Norovirus In Restaurants

washing-foodWhen looking through the headlines involving Norovirus, it is impossible not to notice how many outbreaks are associated with different restaurants.  For Norovirus, restaurants often provide an environment where they can thrive.  Let’s look at how Norovirus is able to easily spread from person to person in restaurants, as well as how it can be prevented.

A Quick Look at Norovirus:
​According to the CDC, Norovirus is the most common cause of acute gastroenteritis in the United States.   A highly contagious disease, sufferers experience extreme nausea, vomiting, diarrhea, and stomach pain.

How is Norovirus Spread in Restaurants?
A person becomes infected with Norovirus when they accidentally ingest a small droplet of stool or vomit from an infected person.  This can be done by eating foods that have been contaminated by a restaurant employee who failed to properly wash their hands before touching your food or placed food on a counter that has infectious droplets on it.  In almost all cases, the food service worker does this unknowingly.  The virus is very small and infectious making it very easy to attach to foods.  According to The National Institute for Health, as few as 18 particles of the norovirus are enough to make a person violently ill.

What Foods Does the Norovirus Prefer?
​While the Norovirus can easily infect any food, it does have certain favorites.  They include fresh fruits and vegetables, particularly those that are leafy and green, and shellfish.  There are plenty of opportunities for the virus to come in contact with these foods, such as when they are being picked in the fields, when they are being loaded and unloaded, and when they are being prepared in the restaurant kitchen.  While the Norovirus prefers fresh foods, it can survive temperatures up to 140°F, as well as steaming processes that are often used to cook shellfish.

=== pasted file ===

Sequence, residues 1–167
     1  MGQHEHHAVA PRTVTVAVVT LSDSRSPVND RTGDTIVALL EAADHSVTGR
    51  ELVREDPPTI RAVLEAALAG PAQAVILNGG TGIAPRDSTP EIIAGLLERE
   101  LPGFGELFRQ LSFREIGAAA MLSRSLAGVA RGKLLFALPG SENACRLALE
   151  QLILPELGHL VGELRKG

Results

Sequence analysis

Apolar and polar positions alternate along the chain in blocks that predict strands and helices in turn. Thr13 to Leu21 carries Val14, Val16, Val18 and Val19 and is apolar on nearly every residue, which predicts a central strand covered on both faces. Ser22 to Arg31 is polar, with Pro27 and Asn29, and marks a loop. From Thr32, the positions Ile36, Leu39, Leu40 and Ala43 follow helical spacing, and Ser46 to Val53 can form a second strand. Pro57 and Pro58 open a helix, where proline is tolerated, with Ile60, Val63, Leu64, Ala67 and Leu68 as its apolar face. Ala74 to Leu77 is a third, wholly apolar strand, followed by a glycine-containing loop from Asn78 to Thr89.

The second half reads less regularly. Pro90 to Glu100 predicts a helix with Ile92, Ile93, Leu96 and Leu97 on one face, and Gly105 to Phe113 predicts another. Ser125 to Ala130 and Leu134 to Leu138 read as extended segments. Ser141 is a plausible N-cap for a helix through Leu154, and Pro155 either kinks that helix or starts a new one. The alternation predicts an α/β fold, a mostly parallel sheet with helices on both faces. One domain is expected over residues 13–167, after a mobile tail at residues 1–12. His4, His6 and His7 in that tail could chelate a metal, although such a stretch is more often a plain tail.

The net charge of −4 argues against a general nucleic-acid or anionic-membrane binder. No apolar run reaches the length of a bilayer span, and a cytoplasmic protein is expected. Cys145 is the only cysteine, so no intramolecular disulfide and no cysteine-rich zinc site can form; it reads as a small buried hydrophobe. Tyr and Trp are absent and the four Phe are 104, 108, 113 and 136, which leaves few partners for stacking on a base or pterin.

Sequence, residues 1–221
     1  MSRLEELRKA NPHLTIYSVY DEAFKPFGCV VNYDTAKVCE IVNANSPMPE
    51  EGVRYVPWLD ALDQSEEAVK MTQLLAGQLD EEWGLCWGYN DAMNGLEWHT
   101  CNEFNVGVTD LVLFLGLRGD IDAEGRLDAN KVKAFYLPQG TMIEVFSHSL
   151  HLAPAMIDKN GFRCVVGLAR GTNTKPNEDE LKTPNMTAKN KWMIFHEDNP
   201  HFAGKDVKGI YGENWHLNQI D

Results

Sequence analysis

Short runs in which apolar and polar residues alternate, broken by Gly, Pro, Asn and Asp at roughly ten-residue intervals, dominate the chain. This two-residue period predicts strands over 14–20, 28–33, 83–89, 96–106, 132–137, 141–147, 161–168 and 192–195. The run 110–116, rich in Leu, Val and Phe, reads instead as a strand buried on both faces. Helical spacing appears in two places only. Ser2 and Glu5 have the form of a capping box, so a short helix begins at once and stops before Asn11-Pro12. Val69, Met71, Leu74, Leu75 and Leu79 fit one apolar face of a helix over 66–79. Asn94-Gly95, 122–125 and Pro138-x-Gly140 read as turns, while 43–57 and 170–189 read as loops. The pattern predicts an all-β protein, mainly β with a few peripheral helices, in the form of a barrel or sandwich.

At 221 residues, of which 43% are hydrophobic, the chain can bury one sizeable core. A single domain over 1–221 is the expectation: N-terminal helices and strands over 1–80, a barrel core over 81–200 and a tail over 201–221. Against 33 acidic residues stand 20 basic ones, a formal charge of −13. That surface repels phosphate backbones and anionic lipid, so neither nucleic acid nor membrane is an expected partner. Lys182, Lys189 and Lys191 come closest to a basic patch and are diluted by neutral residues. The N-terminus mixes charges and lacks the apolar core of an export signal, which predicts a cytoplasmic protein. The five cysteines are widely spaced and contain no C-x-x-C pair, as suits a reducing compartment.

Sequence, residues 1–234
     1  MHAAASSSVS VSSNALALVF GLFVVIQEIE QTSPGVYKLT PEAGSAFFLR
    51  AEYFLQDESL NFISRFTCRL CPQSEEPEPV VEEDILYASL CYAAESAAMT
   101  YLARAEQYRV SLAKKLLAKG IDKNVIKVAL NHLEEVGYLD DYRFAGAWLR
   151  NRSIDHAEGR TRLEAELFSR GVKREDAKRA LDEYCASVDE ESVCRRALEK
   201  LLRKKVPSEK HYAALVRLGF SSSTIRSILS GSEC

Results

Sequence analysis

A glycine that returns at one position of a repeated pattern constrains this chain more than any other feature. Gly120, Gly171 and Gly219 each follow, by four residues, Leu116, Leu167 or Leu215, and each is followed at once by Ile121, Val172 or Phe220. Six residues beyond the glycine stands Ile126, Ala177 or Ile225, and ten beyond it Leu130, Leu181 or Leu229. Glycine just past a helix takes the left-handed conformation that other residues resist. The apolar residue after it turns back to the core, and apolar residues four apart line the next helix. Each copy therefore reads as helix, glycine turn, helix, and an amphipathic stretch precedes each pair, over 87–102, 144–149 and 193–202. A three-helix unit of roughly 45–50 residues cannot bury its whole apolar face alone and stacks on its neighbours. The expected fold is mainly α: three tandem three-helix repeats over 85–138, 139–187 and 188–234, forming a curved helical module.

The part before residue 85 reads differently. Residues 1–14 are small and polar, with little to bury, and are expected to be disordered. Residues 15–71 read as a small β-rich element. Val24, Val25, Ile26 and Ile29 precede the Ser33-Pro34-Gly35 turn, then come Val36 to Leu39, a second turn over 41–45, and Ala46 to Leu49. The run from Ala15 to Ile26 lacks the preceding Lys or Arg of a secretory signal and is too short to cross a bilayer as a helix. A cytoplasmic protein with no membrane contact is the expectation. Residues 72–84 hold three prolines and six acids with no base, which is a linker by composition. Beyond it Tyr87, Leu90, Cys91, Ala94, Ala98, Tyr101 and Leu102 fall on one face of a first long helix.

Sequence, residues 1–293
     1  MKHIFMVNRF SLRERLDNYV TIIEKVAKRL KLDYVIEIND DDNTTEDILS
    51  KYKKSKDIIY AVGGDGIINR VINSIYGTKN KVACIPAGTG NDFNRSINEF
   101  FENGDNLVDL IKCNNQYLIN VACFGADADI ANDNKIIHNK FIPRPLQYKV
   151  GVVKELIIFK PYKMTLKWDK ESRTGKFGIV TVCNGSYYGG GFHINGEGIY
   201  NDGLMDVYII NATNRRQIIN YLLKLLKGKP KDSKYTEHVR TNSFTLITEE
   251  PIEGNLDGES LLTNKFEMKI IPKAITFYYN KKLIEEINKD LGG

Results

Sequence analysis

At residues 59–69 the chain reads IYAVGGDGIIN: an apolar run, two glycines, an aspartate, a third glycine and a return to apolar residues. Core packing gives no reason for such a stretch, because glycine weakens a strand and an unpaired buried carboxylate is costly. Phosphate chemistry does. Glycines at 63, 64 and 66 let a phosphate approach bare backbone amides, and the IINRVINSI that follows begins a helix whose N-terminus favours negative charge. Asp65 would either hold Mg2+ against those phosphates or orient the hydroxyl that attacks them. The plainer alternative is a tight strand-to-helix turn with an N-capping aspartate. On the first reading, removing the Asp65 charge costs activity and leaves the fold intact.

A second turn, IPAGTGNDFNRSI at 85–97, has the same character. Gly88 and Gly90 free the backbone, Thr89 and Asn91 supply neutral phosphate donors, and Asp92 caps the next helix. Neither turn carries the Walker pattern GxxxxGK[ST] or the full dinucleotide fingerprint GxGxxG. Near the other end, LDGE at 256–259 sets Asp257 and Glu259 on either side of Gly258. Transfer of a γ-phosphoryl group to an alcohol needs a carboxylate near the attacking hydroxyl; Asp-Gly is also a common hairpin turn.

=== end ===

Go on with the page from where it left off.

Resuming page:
Norovirus Prevention:
​While it is a prevalent virus, there are measures that can be taken to prevent the spread of Norovirus in a restaurant setting.  They include:

• Keeping sick workers out of the kitchen.  According to the CDC, most state and local health departments require that food service workers not return to work until they have gone 48 hours without any symptoms.

• Carefully washing hands with soap and water, particularly after using the restroom and before, during, and after touching food.  While alcohol-based sanitizers are acceptable in conjunction with hand washing, they are not sufficient on its own.  According to the CDC, they cannot be used as a substitute for washing hands with soap and water.

• All fruits, vegetables, and shellfish should be thoroughly washed before being prepared and served, particularly when being served raw.  In addition, seafood should be cooked thoroughly.

• It is advisable to wear disposable gloves when preparing foods.

• Any food that has potentially been infected with the virus should be thrown out without question.

• Launder aprons and linens thoroughly before they are used again.  This is particularly true if you are certain they have come in contact with anything that could be contaminated.

​Norovirus is very common throughout the United States, but it can be prevented by following the tips listed above.  Keep in mind, if you believe you may have Norovirus, you should stay far away from the kitchen.

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